The application of these claims against ‘dishonest’ banks and financial institutions (more fairly put as dishonest players within these organisations) played a significant role in the long-running Bilta litigation brought by insolvency officeholders of Bilta UK Ltd, which was involved in carbon credit trades giving rise to VAT fraud in 2009. In Bilta’s claim against Natwest Markets Ltd, it was held that the bank’s carbon desk traders were liable under fraudulent trading and dishonest assistance for their role in facilitating the wrongdoing. Likewise, in Bilta’s claims of fraudulent trading and dishonest assistance against Tradition Financial Services (TFS), a broker and intermediary in the carbon trading fraud, the Court of Appeal recently confirmed that fraudulent trading does not just apply to persons with a controlling or managerial function at the company and could therefore apply to an outsider who knows that the business he is dealing with is fraudulent.


Negligent banks

Cases where banks or financial instructions are found to have been dishonest, thankfully, do not occur at anything like the rate of frauds, although neither are they as rare as we might hope. That is not to say that ‘honest’ banks are immune to claims where frauds have been perpetrated, as was established by the courts some 30 years ago in the landmark case of Barclays Bank plc v Quincecare.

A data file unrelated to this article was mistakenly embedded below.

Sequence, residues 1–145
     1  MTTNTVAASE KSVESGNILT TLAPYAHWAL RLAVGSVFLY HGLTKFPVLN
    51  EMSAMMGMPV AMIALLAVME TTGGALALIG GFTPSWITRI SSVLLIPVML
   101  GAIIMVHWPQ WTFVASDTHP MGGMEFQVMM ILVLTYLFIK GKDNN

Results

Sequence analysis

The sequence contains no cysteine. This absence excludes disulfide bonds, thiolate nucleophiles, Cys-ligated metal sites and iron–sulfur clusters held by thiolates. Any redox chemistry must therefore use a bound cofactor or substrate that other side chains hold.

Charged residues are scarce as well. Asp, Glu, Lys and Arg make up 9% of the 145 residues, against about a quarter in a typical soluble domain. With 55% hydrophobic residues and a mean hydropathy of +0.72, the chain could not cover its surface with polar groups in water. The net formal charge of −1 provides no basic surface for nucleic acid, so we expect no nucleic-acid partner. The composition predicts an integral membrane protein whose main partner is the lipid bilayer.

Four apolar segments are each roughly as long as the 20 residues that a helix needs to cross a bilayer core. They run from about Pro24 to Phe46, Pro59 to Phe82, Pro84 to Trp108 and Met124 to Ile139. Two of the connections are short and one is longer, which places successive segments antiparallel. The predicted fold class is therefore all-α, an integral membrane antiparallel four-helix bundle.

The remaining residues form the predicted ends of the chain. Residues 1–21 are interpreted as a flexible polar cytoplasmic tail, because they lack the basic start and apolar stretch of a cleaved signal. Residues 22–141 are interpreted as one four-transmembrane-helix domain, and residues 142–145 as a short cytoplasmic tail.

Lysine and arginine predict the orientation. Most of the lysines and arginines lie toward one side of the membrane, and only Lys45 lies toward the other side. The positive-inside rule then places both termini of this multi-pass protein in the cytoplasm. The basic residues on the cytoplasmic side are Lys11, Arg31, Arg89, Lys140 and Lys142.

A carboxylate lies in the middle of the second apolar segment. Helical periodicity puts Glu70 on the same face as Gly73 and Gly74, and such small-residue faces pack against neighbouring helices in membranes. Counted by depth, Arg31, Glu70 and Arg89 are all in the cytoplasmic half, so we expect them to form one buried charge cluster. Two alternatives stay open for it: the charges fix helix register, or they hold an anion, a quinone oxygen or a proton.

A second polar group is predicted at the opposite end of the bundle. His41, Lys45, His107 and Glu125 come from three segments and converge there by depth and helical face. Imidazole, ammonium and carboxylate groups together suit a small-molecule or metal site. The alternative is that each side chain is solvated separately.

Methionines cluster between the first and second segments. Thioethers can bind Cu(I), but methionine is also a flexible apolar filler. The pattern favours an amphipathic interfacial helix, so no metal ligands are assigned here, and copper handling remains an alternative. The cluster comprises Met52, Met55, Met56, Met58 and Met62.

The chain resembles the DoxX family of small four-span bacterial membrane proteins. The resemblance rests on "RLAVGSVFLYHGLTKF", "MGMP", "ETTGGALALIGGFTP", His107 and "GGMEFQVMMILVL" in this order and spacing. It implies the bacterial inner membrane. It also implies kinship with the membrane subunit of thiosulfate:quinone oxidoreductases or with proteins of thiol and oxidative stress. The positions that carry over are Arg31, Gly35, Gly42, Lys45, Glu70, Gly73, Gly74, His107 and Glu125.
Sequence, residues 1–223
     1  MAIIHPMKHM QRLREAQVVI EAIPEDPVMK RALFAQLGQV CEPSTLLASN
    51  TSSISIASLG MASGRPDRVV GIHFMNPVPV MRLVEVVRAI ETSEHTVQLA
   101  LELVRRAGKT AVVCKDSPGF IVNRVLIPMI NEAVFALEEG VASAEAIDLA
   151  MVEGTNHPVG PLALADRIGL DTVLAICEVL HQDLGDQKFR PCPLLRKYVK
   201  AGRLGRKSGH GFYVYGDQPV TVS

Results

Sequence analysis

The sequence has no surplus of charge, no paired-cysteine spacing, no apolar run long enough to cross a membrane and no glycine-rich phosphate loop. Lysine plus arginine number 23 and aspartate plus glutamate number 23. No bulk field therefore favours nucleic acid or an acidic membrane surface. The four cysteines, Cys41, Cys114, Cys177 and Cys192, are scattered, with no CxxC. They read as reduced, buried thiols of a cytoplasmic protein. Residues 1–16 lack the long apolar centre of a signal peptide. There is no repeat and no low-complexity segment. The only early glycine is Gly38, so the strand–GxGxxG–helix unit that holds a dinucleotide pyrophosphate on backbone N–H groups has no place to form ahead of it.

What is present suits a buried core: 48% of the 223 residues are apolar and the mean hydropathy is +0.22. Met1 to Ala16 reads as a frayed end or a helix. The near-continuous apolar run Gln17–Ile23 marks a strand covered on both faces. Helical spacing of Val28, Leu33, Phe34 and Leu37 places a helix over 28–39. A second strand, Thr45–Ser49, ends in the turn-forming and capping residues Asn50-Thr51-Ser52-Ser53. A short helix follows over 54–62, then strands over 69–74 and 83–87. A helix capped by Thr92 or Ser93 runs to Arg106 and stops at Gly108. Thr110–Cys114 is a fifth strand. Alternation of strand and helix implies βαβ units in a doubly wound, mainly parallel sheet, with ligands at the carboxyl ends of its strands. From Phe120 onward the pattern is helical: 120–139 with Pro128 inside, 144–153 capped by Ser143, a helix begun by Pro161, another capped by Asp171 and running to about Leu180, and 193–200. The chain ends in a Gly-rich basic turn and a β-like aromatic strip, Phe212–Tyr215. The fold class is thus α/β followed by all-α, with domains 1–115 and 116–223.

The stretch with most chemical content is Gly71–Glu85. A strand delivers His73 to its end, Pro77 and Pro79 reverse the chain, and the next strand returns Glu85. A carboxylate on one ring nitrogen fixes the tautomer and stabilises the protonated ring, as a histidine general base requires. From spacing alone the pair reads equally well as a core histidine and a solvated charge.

Following Quincecare, banks and financial institutions may be held to have breached their duty of care to their customer if they execute what turns out to be a fraudulent payment order. For so long as a bank is ‘on inquiry’, ie it has reasonable grounds to believe an order may be an attempt to misappropriate funds, it should refrain from executing a customer’s order. If it fails to do so, it can be held liable for any losses suffered.

Historically, this claim was only successful when the purported agent for the customer had given payment instructions to the bank directly. Following the Court of Appeal decision in Philipp v Barclays Bank UK plc, an individual customer can now rely on Quincecare even where they issued the payment instruction to the bank themselves. In that case, Mrs Philipp fell victim to an authorised push payment (APP) fraud when a scammer posing as a Financial Conduct Authority operative tricked her into transferring £700,000 to two bank accounts in the UAE. Mrs Philipp was successful on appeal. It was held that Quincecare could extend to circumstances where an individual customer instructs their bank to make a payment when that customer is a victim of APP fraud. The Supreme Court has now heard the appeal, and judgment is awaited.